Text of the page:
Academics & CRM

Every Student Counts


Most of the time, the phrase customer relationship management (CRM) brings to mind sales and business applications. However, a recent study suggests yet another useful purpose: Student Retention. Administrators at post-secondary institutions can now look to increase student retention statistics using CRM variables.


Student Retention

According to research from Central Washington University, educational enrollment is competitive at every level – from private and non-profit institutions, to small colleges and large research universities. With all of the recent competition for enrollment, retention rates are dropping.

In this scenario – where academia is the arena instead of business – brand loyalty can be defined as a student’s perception of their university and the feeling that they belong there. The concept of student retention is measured as the number of attending students who re-enroll on a yearly basis; usually from fall to fall. First and second years students may seem the obvious priority for retention strategies, but third and fourth years are of equal importance. At that grade level, they are enrolled in a Major – these are the students that take the high level, department-specific classes, which benefit the school by bringing in financial credit.


How can CRM theory target students?

One of the main tenants of a successful CRM is satisfying needs. For success, an institution’s initiatives must be aligned with the needs of its students, much in the same way that a business enterprise must target customer satisfaction. Students needs include:

  • Financial assistance
  • Schedule accommodation
  • Post-graduate career assistance
  • Social fulfillment (student satisfaction is confirmed to relate to peer recommendation)

Students who perceive their university as responsive to individual needs have higher likelihood of loyally remaining with their university through graduation.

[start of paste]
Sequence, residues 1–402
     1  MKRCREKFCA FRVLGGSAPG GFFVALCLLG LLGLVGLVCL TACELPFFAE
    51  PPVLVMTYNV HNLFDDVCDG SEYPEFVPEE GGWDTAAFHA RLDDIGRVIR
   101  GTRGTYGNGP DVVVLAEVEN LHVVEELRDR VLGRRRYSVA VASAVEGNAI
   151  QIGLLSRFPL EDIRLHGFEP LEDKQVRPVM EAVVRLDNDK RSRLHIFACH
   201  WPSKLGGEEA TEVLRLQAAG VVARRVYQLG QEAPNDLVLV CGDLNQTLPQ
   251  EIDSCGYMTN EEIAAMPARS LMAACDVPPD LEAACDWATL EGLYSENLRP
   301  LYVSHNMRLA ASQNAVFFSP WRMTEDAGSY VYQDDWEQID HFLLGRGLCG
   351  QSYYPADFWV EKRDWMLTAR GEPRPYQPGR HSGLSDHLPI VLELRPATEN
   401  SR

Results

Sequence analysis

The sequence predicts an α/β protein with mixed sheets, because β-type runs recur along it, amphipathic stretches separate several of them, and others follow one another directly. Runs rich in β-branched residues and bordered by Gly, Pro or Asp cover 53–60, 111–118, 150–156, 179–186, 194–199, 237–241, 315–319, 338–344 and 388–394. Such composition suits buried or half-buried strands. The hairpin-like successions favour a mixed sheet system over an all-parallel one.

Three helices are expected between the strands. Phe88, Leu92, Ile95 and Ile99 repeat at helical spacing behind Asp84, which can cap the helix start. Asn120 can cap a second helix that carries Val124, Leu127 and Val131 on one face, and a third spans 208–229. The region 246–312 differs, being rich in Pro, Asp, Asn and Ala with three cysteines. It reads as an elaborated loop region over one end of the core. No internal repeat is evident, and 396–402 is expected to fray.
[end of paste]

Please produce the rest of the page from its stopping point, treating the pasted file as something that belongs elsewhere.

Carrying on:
How Does Brand Loyalty Relate to Student Retention?

Brand loyalty refers to a favorable attitude towards a brand and the steady pattern of purchase of that specific brand over a period of time. A student’s attitude is an emotional product. Universities need to develop programs that cultivate emotional loyalty by addressing the psychological factors that satisfy student needs. They include:

  • A feeling of belonging
  • A feeling of connectedness
  • Trust
  • Emotional attachment or commitment

It’s a good bet: Once emotional loyalty and student satisfaction rates are raised, retention rates will probably follow.


So how can CRM variables help?

Admission and administrators at large institutions can target students through web portals with online surveys, which provide unbiased and timely feedback. Most cloud CRM software provides an email campaign function that can accomplish this. The questions should focus on student perception of:

  • Their school – how it satisfies their needs
  • Themselves – how do they feel they fit with their program
  • Their future – do they plan to finish their degree at the university


These types of targeted questions provide data points that act on CRM relationship building theory. Processes can then develop from the information these questions provide. Keep in mind that students who do not perceive their school as satisfying their needs are most likely to transfer to another.
Schools can strive to target students on an individual basis. Department heads can concentrate on student centric relationships and engender a sense of value, belonging and support.
Armed with data, departmental persona can go a long way to boosting retention rates while admissions and financial aid administrators can tailor their literature.

While a challenge to develop, with the help of a CRM to create a process that improves student experience, retention rates can raise and university enrollment can grow exponentially.

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